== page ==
I haven’t posted much about traditional wired glass lately, but the hazard continues to be present in existing schools and other facilities. I have an article on it in this month’s Construction Specifier in case you need a refresher.
For decades, traditional wired glass—with its crisscrossed wires creating diamonds or squares—was installed in buildings around the world. Thanks to its ability to remain intact even when broken, it was the first and, for years, only form of glazing available for fire door assemblies in schools, hospitals, and other buildings.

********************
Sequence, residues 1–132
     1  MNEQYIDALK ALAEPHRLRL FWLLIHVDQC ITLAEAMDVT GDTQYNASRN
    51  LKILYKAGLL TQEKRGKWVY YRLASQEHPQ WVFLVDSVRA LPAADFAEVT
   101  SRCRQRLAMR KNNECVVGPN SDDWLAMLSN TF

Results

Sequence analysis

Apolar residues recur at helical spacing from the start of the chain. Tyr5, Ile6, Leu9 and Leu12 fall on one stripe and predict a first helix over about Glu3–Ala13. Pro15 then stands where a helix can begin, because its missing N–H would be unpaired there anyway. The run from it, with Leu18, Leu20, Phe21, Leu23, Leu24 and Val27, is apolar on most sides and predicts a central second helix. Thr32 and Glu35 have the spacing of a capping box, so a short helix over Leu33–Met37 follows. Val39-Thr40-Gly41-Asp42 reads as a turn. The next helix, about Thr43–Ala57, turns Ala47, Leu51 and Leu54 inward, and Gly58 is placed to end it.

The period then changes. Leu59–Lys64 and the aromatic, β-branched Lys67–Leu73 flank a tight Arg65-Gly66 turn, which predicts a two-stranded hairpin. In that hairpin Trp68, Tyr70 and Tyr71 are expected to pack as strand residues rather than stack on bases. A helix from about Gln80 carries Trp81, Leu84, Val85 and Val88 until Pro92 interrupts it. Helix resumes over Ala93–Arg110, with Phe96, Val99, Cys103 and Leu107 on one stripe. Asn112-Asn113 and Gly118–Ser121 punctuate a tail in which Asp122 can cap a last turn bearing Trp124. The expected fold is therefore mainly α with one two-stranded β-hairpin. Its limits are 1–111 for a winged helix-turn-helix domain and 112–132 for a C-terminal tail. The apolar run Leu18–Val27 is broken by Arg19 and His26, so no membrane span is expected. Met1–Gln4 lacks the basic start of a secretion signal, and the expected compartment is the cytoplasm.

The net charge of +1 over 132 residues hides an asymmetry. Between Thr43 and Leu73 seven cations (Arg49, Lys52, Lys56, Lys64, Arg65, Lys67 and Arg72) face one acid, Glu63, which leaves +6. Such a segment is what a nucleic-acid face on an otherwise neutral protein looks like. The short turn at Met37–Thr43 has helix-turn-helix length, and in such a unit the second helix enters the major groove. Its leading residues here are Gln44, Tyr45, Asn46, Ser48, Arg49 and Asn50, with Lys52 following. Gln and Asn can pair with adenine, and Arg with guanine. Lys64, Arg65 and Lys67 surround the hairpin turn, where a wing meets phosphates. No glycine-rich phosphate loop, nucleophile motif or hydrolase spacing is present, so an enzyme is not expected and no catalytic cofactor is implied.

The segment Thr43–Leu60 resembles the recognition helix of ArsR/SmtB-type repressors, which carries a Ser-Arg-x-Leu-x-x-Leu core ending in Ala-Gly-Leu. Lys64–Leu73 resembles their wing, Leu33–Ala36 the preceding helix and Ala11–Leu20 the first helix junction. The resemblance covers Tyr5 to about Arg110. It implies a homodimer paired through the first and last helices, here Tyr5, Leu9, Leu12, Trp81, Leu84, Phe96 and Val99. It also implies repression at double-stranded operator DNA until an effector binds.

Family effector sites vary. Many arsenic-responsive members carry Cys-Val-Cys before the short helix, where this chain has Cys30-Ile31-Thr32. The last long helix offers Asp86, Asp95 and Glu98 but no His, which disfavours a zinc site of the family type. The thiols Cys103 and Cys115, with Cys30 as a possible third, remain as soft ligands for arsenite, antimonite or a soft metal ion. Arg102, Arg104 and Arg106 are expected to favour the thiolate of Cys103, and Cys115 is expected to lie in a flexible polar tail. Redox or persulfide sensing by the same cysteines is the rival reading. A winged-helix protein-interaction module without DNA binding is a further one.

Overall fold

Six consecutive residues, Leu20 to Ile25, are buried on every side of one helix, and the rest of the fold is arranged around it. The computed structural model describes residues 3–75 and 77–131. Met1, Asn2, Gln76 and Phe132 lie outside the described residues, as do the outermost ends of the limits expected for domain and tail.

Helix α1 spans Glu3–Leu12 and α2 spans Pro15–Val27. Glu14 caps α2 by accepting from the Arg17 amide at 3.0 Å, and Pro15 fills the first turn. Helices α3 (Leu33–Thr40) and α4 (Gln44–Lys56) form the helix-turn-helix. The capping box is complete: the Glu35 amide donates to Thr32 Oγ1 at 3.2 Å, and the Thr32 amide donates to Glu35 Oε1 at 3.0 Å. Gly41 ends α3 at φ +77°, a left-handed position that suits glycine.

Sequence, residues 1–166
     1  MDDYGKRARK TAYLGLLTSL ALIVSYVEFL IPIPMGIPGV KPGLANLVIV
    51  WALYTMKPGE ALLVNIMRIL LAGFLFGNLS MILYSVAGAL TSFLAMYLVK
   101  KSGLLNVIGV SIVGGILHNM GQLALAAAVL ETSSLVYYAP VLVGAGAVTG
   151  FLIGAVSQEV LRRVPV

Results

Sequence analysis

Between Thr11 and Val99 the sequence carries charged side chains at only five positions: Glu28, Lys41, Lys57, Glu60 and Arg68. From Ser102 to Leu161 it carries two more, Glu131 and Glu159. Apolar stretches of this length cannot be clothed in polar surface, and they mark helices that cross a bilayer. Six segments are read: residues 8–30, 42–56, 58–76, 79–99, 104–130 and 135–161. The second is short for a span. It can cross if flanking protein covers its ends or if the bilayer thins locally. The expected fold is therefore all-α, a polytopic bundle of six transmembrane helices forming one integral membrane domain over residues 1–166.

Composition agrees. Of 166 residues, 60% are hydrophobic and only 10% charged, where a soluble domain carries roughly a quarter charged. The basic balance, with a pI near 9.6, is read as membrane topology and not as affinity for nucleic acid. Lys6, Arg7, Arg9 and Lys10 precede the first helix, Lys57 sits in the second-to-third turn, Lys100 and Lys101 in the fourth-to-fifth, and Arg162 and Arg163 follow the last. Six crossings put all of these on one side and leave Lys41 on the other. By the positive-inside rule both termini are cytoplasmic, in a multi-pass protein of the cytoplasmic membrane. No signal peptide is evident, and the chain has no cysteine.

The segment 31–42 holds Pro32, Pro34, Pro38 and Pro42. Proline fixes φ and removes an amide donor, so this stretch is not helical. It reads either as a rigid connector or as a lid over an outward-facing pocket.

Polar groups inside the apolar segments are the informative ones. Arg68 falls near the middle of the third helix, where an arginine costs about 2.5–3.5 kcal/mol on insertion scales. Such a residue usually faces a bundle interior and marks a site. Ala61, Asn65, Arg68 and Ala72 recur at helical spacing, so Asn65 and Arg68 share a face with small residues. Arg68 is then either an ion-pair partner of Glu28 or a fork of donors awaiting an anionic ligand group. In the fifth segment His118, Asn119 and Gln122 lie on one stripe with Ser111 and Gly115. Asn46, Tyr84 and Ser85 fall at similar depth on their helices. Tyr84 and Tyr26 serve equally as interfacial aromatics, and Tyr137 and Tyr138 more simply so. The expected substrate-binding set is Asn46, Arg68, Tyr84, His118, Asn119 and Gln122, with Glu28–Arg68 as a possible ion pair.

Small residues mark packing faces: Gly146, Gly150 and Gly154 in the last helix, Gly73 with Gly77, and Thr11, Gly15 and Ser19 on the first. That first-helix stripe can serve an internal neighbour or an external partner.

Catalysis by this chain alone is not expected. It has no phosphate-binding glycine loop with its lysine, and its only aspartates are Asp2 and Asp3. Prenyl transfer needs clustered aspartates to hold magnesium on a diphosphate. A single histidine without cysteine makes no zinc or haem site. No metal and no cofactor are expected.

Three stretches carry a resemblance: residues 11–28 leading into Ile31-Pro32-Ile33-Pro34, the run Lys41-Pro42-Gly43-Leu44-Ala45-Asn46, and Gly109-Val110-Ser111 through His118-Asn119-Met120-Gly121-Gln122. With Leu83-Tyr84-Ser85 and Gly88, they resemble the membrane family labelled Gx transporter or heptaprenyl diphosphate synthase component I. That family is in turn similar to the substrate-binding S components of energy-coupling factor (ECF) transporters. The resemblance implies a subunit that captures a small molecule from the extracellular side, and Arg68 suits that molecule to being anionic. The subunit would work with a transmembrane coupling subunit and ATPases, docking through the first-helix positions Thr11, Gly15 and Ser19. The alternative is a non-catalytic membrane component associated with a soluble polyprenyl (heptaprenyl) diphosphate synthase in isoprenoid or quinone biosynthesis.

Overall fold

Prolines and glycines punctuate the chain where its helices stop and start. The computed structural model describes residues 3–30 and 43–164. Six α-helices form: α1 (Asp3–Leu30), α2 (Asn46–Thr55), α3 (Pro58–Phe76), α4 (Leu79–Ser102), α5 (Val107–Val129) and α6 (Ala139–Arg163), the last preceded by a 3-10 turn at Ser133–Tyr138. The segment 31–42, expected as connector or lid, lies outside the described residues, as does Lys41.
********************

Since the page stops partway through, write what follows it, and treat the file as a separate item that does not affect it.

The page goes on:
Over time, this glazing became known as ‘safety glass’—a name that would persist long after it was found to cause severe and often life-threatening injuries when subjected to human impact. Its reputation for safety has been reinforced by its appearance and the common misconception the wire mesh makes the glass stronger. In reality, the exact opposite is true.